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When a jury should just say no
"Jurors should acquit, even against the judge's instruction . . . if exercising their judgment with discretion and honesty they have a clear conviction the charge of the court is wrong." -- Alexander Hamilton, 1804
It is a long-standing precept that juries act as the collective "conscience of the community" -- hearing the facts of a case and applying them to laws developed through the democratic process. Serving on a jury is a fundamental civic duty -- right up there with voting -- and as such sits at the heart of our democracy.
Yet, when members of a federal jury late last month convicted medical marijuana activist Ed Rosenthal without being able to consider that he was growing pot to be used as medicine under California's Proposition 215, the integrity of our system of justice was seriously threatened.
Hours after the jury voted to convict Rosenthal, the majority of them renounced their decision as, in the words of one juror, a "horrible mistake." The clear discordance between the jurors' beliefs and their verdict forces us to question the validity of the Rosenthal trial. It's not just that the majority of the jurors didn't want to see Rosenthal imprisoned for the federal mandatory minimum term of five years; they think that his actions should not have been criminalized at all.
Jury nullification -- or the jury's ability to acquit the defendant if the jurors have no sympathy for the government's position -- is a right afforded to all juries, firmly grounded in the Sixth Amendment of the U.S. Constitution and deeply ingrained in American history. It is, in short, an expression of the "conscience of the community."
In the early years of the republic, jury nullification was a popular means through which communities voiced their opposition to criminal laws. It led to an acquittal for William Penn for unlawful assembly in 1670 and for draft resisters during the Vietnam War.
By arresting and prosecuting people such as Ed Rosenthal, the federal government is defying the will of the people. More than 80 percent of the national population believes that sick and dying people should have access to medical marijuana, and eight states have passed laws legalizing medical marijuana. When the government of the people refuses to recognize the will of the people, jury nullification is an appropriate response.
But the jury in the Rosenthal case was not allowed to hear about medical marijuana, or about Rosenthal's deputization by the city of Oakland to serve as an official medical marijuana provider, or, for that matter, any of the other undisputed facts that might have pricked the jurors' consciences. Hence the cries of foul play and heartfelt apologies by several jurors when they learned about the full facts of Rosenthal's case -- but only after voting to convict.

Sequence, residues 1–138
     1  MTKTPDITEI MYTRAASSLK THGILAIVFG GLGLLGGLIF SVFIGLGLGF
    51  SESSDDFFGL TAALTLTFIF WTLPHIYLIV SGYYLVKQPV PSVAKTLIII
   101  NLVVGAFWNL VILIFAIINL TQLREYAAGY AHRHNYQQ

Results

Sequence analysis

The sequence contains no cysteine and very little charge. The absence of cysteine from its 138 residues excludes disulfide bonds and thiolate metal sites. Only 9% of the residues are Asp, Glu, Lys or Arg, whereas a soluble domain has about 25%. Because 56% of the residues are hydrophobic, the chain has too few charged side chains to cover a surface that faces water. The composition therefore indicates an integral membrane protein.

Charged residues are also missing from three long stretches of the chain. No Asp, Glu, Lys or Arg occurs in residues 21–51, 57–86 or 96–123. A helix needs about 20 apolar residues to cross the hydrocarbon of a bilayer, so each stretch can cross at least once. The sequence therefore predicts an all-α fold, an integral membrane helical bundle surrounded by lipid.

By charging Rosenthal under federal law, prosecutors effectively used the federal court to conceal their embarrassment about states legalizing medical marijuana. Marijuana remains a Schedule I controlled substance under federal law, which means that it has no recognized medical efficacy and is subject to the strictest of standards. So, while the judge, the prosecutors and the defense attorneys were all well aware of Rosenthal's role as a medical marijuana grower, they could never mention the words "medical marijuana" in front of the jury.
This manipulation of the justice system is an obvious attempt by the federal government to intimidate medical marijuana growers and patients across California, and a disingenuous attempt to beguile the jurors in the Rosenthal case.
As the case demonstrates, defense attorneys are prohibited from speaking about nullification, and nullification is never mentioned in the instructions to the jury. This was not always true. Now, more than ever, juries need to be informed of their fundamental right to acquit.
More than 20 California medical marijuana cases are pending in federal court, with nearly a dozen convictions of medical marijuana growers. Now is the time for federal juries in California and elsewhere to understand that they have a moral obligation -- and legal right -- to exercise their consciences to acquit persons prosecuted by the government for providing the sick and dying with medicine that can often be the difference between life and death, comfort and agony.
* To be sure, jury nullification can be (and has been) used for unjust as well as admirable ends. And jury nullification is properly reserved for extraordinary circumstances. As one federal appellate court noted with respect to the power to nullify, "[w]hat makes for health as an occasional medicine would be disastrous as a daily diet." After all, a system of justice founded on the rule of law is central to the protection of our most fundamental rights.
But where the law and/or the government go astray to the point where they defy not just majoritarian sentiment but also reason, compassion and justice, it is the duty of juries to exercise their judgment with discretion.
Judith Appel and Alexandra Cox work for the Office of Legal Affairs for Drug Policy Alliance (www.drugpolicy.org), which promotes alternatives to the war on drugs.
* This paragraph did not run in the print version